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Intensive insulin therapy: protocols in use in The Netherlands

  • MJ De Graaff1,
  • H Kieft2,
  • JP Van der Sluijs3,
  • AA Royakkers4,
  • JC Korevaar1,
  • PE Spronk5 and
  • MJ Schultz1
Critical Care200812(Suppl 2):P160

Published: 13 March 2008


Blood GlucoseMechanical VentilationEmergency MedicineGlycemic ControlCare Physician


Intensive insulin therapy (IIT) reduces mortality and morbidity of critically ill patients [1]. The 'original IIT protocol' as used by the group of van den Berghe (Leuven, Belgium) is a simple text-based protocol aiming for blood glucose values between 4.4 and 6.1 mmol/l. We conducted a postal survey amongst intensive care physicians and nurses in February 2007. As part of this survey, respondents were asked to send in a copy of their protocol on glycemic control (GC).


All Dutch ICUs with ≥ 5 beds available for mechanical ventilation received a questionnaire on GC policies, in particular thresholds for blood glucose values to start insulin, and the targets of GC. Respondents were explicitly asked to send in their GC protocol too, when available.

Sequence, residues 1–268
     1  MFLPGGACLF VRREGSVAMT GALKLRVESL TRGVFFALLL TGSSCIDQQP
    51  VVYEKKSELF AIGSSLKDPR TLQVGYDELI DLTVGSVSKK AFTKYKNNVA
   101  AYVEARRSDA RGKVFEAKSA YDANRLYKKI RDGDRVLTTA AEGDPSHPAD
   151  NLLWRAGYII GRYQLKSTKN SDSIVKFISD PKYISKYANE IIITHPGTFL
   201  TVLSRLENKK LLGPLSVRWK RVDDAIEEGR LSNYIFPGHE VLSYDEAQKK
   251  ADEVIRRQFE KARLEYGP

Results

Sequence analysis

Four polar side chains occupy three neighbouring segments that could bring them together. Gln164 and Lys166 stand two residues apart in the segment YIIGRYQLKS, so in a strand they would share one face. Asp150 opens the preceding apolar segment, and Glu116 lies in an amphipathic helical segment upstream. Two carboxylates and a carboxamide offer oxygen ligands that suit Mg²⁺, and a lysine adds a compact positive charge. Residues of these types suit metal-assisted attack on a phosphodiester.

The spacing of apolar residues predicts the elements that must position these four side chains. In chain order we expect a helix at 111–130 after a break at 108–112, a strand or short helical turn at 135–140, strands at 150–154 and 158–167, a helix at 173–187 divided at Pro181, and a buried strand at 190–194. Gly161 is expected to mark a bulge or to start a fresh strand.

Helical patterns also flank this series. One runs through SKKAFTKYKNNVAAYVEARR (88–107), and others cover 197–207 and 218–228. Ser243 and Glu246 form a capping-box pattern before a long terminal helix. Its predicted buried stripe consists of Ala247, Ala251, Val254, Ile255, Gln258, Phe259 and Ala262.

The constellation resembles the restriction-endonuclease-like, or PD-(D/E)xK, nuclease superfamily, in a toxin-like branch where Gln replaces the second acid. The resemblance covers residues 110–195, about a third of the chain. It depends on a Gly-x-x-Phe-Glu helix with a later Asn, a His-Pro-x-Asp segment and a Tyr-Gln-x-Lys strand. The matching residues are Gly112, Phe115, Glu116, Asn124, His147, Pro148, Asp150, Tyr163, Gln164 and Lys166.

Of 71 ICUs responding to the questionnaire, 46 (65%) sent in their GC protocol. Formats of the glucose control protocol varied widely, four different types of protocol formats could be recognized: 'flow chart' based (n = 17), 'sliding scales' based (n = 16), 'text' based (n = 7), and 'others' (n = 5). In three ICUs the GC protocol was computer based. In only 11 GC protocols (24%) were blood glucose targets between 4.4 and 6.1 mmol/l. In the majority of GC protocols (87%), the lower target for blood glucose was <4.5 mmol/l; in only one-half of GC protocols (43%), the upper target for blood glucose was <6.1 mmol/l. In four GC protocols, the thresholds for starting insulin were unclear.


There is large variability in the presently used GS protocols in The Netherlands. In only 24% did the GC-protocol targets reflect those of the original IIT protocol as used by van den Berghe.

Authors’ Affiliations

Academic Medical Centre, Amsterdam, The Netherlands
Isala Hospitals, Zwolle, The Netherlands
Medical Centre Haaglanden, The Hague, The Netherlands
Tergooi Hospitals, Blaricum, The Netherlands
Gelre Hospitals, CollApeldoorn, The Netherlands


  1. van den Berghe G, et al.: N Engl J Med. 2001, 345: 1359-1367. 10.1056/NEJMoa011300PubMedView ArticleGoogle Scholar


© BioMed Central Ltd 2008

This article is published under license to BioMed Central Ltd.